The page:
Chapter

Leisure Culture and the Commercialization of Black Women's Sex Work, 1900–1920

in I've Got to Make My Livin'

Published by University of Chicago Press

Published in print December 2010 | ISBN: 9780226055985
Published online March 2013 | e-ISBN: 9780226056005 | DOI: http://dx.doi.org/10.7208/chicago/9780226056005.003.0006
Leisure Culture and the Commercialization of Black Women's Sex Work, 1900–1920

Show Summary Details

Preview

This chapter examines the geographical and institutional transformation of African American women's work in the sex economy of Chicago in the early 1900s. It explains that this transformation was brought about by the rise of African American male leisure entrepreneurs and the expansion of the urban leisure economy within Chicago's Black Belt. The shift in the sex economy forced African American prostitutes to work as employees in male-owned saloons and nightclubs, while others operated small brothels and engaged in independent prostitution well into the 1920s.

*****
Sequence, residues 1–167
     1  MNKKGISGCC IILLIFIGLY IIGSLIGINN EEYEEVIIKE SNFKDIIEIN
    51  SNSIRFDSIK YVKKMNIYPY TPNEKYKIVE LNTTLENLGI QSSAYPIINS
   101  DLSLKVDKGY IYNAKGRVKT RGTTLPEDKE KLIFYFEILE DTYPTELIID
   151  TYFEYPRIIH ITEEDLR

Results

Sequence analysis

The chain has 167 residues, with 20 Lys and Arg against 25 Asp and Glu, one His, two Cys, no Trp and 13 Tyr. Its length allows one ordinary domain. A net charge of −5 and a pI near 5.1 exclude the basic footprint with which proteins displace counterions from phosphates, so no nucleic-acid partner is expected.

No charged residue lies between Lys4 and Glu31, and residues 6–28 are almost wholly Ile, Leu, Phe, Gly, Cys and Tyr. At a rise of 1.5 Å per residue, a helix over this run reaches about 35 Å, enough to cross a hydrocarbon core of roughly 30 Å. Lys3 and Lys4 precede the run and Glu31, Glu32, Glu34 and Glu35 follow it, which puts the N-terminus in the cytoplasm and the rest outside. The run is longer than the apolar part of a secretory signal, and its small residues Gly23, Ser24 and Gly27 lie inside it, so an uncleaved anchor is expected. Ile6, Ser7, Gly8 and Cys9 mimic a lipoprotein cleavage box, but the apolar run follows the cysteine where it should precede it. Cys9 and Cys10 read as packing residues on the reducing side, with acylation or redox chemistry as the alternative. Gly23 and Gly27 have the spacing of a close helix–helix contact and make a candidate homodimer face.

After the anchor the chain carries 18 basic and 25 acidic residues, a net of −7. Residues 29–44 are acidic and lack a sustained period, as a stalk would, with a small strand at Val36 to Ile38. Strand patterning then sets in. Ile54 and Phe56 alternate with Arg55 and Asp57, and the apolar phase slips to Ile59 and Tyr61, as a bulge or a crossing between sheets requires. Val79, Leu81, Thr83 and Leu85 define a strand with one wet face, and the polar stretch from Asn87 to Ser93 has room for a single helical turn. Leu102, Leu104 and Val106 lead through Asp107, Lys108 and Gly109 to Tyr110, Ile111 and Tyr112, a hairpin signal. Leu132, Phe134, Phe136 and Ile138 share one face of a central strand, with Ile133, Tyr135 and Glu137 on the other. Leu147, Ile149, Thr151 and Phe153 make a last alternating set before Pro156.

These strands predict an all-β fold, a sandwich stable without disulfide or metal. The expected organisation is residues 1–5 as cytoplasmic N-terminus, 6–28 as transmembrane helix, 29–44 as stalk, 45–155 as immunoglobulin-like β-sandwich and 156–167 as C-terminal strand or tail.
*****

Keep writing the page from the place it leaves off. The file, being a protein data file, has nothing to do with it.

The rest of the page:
Keywords: sex economy; geographical transformation; institutional transformation; American African prostitutes; independent prostitution; urban leisure economy

Chapter.  14796 words.  Illustrated.

Subjects: History of the Americas

Full text: subscription required

How to subscribe Recommend to my Librarian

Users without a subscription are not able to see the full content. Please, subscribe or login to access all content.